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Dollars & Sense

Nursing-Home Insurance Might Become Standard Financial Plan

July 09, 2001|BOB ROSENBLATT

The bills for nursing-home care may be $250,000 a year or more in a couple of decades. If one man's dream comes true, millions of Americans will pay these staggering bills with the help of long-term-care insurance. These policies, now held by only 6 million Americans, could become a standard part of the financial planning of every individual and family.

Frank Titus is the man in charge of designing a long-term care insurance benefit for federal workers and retirees, members of the armed forces, plus all their spouses, parents and siblings. The potential pool is huge, 20 million people, and if Titus, deputy director at the federal Office of Personnel Management (OPM), can make it work, the long-term-care insurance business will be transformed into a true mass market.

The government rules for policies, including protections for consumers, would set a gold standard for an industry that is now chaotic and confusing to prospective buyers of the policies.

These new protections, plus the example of federal workers and members of the military buying the policies, could create the publicity and the example that could motivate millions of other Americans to seek this product.

Congress also is likely to give a boost to long-term-care coverage by creating a new tax break, a special full deduction for the cost of buying such insurance.

Insurance companies will submit their proposals next month to OPM, and the federal government plans to roll out the new benefit in October 2002, during the open enrollment season when workers pick their health plan.

The full cost will be paid by employees. But Titus hopes that because of the massive pool of potential buyers, the price will be 15% to 20% less than current charges for long-term-care policies.

He wants the insurance coverage written with an open-ended clause to cover future changes in care delivery and technology. For instance, "robots will be delivering a lot of the personal care in the future," he said in an interview.

Meanwhile, long-term-care insurance is a product that many more people should be paying attention to, for their aging parents and for themselves.

Every day, people faced with care-giving decisions are staggered to learn that Medicare won't pay for custodial care in a nursing home. A year in a decent nursing home currently costs $50,000 or more.

"You mean the government won't help?" is the plaintive, disbelieving cry from family members who learn that Mom and Dad must impoverish themselves before they can get assistance with nursing home bills. When a nursing home resident has "spent down" his or her savings to $2,000, the nursing home will have all its bills paid by Medi-Cal, the combined federal-state program for the poor. (In other states, the program is called Medicaid.)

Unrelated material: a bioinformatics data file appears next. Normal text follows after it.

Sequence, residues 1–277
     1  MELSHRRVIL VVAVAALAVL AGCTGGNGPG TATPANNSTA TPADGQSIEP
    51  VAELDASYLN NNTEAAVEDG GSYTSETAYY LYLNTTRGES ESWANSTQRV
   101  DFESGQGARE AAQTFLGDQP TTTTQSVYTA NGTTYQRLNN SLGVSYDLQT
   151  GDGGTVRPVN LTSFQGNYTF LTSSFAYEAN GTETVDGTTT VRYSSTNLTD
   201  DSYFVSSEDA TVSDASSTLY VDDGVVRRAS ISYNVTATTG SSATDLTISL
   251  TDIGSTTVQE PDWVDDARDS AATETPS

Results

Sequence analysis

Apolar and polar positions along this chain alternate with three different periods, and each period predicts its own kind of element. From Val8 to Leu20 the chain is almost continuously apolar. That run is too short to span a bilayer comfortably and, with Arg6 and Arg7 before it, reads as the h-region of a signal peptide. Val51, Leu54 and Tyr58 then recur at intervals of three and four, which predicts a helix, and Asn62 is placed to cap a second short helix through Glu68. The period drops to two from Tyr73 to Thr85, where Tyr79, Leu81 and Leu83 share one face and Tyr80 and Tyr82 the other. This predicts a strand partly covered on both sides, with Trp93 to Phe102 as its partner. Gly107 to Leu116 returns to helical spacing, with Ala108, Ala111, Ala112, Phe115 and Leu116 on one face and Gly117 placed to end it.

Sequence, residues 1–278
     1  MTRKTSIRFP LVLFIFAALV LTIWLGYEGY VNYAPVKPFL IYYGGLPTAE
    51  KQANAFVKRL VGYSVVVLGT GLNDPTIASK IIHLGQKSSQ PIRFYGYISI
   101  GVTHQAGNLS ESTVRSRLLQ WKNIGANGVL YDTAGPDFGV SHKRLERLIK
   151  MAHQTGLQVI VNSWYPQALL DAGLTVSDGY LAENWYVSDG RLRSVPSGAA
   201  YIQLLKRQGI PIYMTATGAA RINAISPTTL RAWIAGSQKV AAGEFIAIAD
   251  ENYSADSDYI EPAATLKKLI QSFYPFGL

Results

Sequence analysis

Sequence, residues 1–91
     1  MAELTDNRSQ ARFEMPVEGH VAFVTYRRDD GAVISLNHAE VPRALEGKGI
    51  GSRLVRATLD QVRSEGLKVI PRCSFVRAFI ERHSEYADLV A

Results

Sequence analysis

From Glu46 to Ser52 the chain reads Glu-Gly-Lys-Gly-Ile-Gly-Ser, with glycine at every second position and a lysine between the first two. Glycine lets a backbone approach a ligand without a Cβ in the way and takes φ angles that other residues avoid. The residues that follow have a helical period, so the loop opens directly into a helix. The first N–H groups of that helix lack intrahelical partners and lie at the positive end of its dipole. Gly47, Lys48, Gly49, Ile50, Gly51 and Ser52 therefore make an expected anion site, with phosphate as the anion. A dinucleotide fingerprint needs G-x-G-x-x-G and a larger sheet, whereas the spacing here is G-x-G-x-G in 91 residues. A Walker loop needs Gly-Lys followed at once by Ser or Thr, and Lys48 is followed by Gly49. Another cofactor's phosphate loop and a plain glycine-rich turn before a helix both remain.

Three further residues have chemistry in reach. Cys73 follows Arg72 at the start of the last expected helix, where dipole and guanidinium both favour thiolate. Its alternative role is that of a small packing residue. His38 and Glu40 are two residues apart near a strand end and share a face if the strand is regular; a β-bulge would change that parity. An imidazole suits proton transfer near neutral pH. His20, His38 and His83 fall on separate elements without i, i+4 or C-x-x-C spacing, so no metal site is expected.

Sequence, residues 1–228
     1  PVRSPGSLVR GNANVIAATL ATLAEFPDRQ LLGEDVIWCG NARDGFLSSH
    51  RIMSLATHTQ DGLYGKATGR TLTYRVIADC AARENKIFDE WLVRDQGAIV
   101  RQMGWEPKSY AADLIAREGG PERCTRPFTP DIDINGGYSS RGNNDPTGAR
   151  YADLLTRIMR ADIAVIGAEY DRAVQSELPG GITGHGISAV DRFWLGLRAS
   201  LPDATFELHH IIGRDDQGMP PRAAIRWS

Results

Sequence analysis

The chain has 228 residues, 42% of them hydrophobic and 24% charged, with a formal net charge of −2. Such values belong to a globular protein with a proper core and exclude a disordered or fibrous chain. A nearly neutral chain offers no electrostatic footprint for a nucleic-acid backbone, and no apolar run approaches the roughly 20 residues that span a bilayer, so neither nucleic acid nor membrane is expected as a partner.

There is some financial protection for couples when one spouse goes into a nursing facility, and the other remains in the family home. The spouse at home is allowed to keep $87,000 in financial assets.

Long-term-care insurance is a special product, unlike other health insurance. It can pay for personal care, such as help with bathing and dressing. Or it can pay for a full-scale nursing home care, where an individual is treated by doctors, nurses and physical therapists, as well as personal care attendants. And policies are now paying for care in assisted-living facilities, typically apartment-type communities in which residents can get some modest degree of personal-care assistance.

Before deciding to buy, consumers should ask themselves several key questions:

* Can I afford to pay for personal and nursing care from my own financial assets?

* How much of my assets do I want to leave to my heirs?

* Can I afford the insurance premiums, and will I be able to afford the premiums 20 or 30 years from now when I may need the services?

The most useful policies offer a "pool" of money approach, according to a guidebook by AARP (formerly the American Assn. of Retired Persons).

Under the pool concept, "you choose how much money each day you want to spend and for how long you want coverage," AARP said in its guide.

"For example, $125 a day for four years would be $182,500. You could use this amount to pay for the type of services you need (such as home care, a nursing home or assisted living). Flexibility can be a valuable feature because you may purchase a policy long before you need to use it," the AARP guide said.

It's cheaper to buy when you are in your 40s or 50s as opposed to your 60s or 70s, when the inevitable health problems that come with aging have begun to appear. But a policy purchased at age 40 probably won't be used for 35 or 40 years or more. Most impartial experts think people should begin to think about buying the policy in their early 60s.

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